It will also meet with Indian embassy officials to discuss updates since their last meeting in November 2015 and make a humanitarian appeal to Prime Minister Narendra Modi, requesting urgent action to give left behind parents in the US access to their abducted children in India.

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Indian-American mother seeks return of her abducted children


March 30, 2015

Source: timesofindia

Recounting her heartrending tale of woe, an Indian-American mother turned to US lawmakers for help to get back her two children allegedly abducted to India by her ex-husband six years ago.

Parental_Abduction_India

“Help me to make my voice heard in a way that shall be meaningful and allow me to be reunited with my children who need the love and nurturing of their mother,” said Bindu Philips testifying before a House panel with a few other parents of abducted children.

A subcommittee of the House Foreign Affairs committee was reviewing Obama Administration’s implementation of the Goldman Act to Return abducted American Children at a hearing last week.

Besides lobbying on the Capitol Hill to make their case, about 25 parents of abducted children representing five organizations also held a candlelight vigil before the White House.

India Political Maps

“Tragically, my world and that of my innocent children, was violently disrupted by my ex-husband, Sunil Jacob in December of 2008,” said Philips, a mother of twin boys, Albert Philip Jacob and Alfred William Jacob, both 14 now.

Accusing Jacob of orchestrating the kidnapping of the children during a vacation to India, she told the panel: “On reaching India I was not only physically and emotionally abused by my ex-husband but also by his parents.”

She was not only “very cruelly separated from my children” but also not allowed to see or communicate with them after her husband transferred them to another school with strict orders not to let the mother or any of the maternal relatives see them.

“Unable to communicate with the children,” Philips returned to the US in April, 2009 to find their residence in Plainsboro, New Jersey, stripped of everything by her ex-husband’s friends “leaving me with not even a single photograph of my children.”

In Dec 2009, the Superior Court Family Part in New Jersey, “not only granted me sole custody of the children” but also “demanded their immediate return to the US,” said Philips.

In turn, her ex-husband filed for custody of the children in Indian Courts after the US child custody was filed, Philips alleged. The case is currently pending in the Supreme Court of India.

“My children have lost 6 years of their mother’s love and care and I have lost 6 years of my children’s childhood that neither of us can ever get back,” she said imploring “the Congress to assist me in righting the wrongs that have been done to the children and me.”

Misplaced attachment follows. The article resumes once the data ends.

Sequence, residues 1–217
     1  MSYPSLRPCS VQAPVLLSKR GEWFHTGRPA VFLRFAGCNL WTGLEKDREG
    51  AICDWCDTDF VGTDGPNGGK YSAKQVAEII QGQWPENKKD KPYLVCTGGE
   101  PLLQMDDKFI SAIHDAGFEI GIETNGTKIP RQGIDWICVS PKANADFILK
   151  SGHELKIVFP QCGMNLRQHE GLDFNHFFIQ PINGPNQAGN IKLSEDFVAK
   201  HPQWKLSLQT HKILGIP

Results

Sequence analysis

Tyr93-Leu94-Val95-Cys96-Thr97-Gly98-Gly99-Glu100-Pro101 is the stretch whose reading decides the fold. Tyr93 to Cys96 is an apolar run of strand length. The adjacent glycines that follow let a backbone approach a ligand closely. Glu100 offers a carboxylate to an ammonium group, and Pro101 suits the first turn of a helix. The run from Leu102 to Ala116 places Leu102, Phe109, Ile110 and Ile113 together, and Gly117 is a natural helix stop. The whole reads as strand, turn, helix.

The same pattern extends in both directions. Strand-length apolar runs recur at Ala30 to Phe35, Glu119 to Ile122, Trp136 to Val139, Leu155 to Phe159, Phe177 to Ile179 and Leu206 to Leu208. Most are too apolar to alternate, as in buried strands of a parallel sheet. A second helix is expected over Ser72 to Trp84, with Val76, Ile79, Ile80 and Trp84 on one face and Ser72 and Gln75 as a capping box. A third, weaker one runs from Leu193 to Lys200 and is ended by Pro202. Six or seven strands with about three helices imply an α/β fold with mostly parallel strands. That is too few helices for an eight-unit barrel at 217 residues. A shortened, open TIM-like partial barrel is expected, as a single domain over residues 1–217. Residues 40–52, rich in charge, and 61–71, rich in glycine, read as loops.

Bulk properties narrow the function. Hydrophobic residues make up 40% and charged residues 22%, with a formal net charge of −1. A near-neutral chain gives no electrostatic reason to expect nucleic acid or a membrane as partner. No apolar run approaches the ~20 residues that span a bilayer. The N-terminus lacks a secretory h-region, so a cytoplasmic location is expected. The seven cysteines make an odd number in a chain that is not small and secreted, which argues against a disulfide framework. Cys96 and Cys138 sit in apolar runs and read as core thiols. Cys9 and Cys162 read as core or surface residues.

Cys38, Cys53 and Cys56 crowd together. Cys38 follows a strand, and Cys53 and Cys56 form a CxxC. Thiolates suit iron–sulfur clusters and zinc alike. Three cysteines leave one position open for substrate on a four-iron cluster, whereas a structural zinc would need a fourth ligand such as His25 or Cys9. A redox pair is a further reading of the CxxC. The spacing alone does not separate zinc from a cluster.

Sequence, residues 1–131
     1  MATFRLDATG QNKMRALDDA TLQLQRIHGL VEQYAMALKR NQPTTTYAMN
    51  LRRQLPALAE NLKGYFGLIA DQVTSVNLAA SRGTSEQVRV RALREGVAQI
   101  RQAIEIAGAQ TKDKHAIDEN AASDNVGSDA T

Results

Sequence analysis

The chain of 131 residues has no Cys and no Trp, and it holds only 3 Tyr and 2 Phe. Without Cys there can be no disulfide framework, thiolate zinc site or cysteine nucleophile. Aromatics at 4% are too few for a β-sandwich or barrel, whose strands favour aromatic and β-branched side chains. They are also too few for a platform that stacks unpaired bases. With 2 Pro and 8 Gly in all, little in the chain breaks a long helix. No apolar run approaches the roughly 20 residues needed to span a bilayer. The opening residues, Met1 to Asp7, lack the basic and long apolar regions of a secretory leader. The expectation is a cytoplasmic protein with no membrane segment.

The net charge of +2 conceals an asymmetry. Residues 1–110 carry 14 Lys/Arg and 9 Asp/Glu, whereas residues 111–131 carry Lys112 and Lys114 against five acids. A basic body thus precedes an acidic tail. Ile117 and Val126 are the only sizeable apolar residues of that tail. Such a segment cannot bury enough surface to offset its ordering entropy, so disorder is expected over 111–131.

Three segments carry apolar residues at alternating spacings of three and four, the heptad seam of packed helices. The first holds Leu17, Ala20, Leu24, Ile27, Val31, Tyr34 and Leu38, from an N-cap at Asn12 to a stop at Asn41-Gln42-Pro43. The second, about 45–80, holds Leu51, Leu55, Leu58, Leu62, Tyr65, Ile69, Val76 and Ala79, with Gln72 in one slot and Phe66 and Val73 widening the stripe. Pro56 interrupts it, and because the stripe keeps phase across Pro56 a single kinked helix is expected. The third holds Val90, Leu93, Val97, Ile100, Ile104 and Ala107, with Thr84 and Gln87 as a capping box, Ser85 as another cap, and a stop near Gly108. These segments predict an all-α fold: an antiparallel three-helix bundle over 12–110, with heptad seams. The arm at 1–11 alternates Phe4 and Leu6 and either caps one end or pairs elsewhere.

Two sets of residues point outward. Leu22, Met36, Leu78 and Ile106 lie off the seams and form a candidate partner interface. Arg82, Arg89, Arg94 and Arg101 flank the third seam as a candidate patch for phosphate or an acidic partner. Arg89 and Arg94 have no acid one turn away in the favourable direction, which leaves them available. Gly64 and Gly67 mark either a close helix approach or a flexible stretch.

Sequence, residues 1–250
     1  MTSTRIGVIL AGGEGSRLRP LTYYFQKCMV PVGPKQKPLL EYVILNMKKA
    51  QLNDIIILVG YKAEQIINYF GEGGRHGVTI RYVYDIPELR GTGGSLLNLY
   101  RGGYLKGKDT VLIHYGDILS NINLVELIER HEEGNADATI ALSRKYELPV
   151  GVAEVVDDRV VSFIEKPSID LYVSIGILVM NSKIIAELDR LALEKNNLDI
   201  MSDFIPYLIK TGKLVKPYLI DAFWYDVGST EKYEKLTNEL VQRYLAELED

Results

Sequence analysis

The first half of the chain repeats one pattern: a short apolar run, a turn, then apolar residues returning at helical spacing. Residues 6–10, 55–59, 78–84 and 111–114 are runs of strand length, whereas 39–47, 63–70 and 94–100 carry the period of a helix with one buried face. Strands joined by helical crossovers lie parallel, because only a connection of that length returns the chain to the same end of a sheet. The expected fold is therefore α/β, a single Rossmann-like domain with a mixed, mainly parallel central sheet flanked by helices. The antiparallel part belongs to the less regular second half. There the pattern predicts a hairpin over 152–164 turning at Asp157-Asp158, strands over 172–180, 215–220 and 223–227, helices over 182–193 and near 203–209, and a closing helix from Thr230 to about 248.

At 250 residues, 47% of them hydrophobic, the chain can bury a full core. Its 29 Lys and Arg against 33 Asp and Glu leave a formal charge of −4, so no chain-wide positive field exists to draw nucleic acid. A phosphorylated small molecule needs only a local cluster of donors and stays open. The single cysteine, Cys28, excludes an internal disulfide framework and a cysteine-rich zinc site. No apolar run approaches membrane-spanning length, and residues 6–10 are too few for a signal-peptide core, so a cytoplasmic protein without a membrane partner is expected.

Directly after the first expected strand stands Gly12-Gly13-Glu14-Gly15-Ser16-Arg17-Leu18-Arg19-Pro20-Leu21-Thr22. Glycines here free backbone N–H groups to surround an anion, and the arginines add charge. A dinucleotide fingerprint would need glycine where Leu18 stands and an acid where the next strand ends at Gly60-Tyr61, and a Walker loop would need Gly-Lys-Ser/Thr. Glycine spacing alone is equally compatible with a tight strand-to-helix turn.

Susan Jacobs, Special Advisor for Children’s Issues at the State Department, told the panel the US was committed to finding a viable solution for resolving each and every abduction case.

It was also committed to advocate for membership in the international treaty on the issue, and to create safeguards that will minimise the occurrence of international parental child abduction, she said.

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U.S. Secretary of State John Kerry quizzed on child abductions to India


March 1, 2015

Source: Thehindu.com

U.S. Secretary of State John Kerry faced sharp questions on Capitol Hill this week on international child abductions to India, with lawmakers asking him whether he had brought up the subject with Prime Minister Narendra Modi during his recent visit to New Delhi.

U.S. Secretary of State Kerry speaks about the Ukraine crisis after his meetings with other foreign ministers in Paris

“Did you raise child abduction with an emphasis on specific cases, like Bindu Philips, when you met with [Mr.] Modi in early January? What was Mr. Modi’s response,” Republican Congressman Chris Smith of New Jersey asked, referring to a long-running abduction case here involving an Indian-American family.

An account of the hearing on Capitol Hill on Wednesday noted that Mr. Kerry replied that as a matter of course, he regularly raised cases of “missing Americans,” although he reportedly did not directly comment on the Philips case.

However, Mr. Kerry said: “We have a caseload of about a thousand international parental abduction cases, and we are trying to expand the Hague abduction convention to efforts throughout the world.” “We have approximately 75 professionals who are full-time, assisting parents with respect to this horrendous plight that they face,” he added.

International child abductions re-entered the spotlight a few months ago when President Barack Obama signed the Sean and David Goldman International Child Abduction Prevention and Return Act. The law authorises the State Department to take a series of calibrated measures against India or any other country that does not facilitate the prompt return of an American child held there. The focus of this debate on India was spurred on by cases such as that of Ms. Philips, who has won custody of her twin sons in U.S. courts, though the Indian justice system has not seen fit to send them back to the U.S. from the custody of her father, Sunil Jacob, who allegedly took them to India in 2008 during a bitter divorce.

In July last, another major case involving India was in the spotlight, when U.S. authorities arrested Padmashini Devi Drees as soon as she landed in the country after allegedly fleeing the U.S. in 2006 with her son, Drew Drees, after divorcing his father Dean Drees.

A few years ago, Congressman Smith had described India as “a source of immense frustration and grief for American parents” and said “Although Indian courts make Hague-like decisions to return some children, returns are at best uneven,” and parents attempting to utilise India’s courts for the return of abducted children reported corruption and incessant delays.

The State Department’s website highlights the fact that India is not party to the 1983 Hague Convention on the Civil Aspects of International Child Abduction and also not a U.S. Treaty Partner under the convention.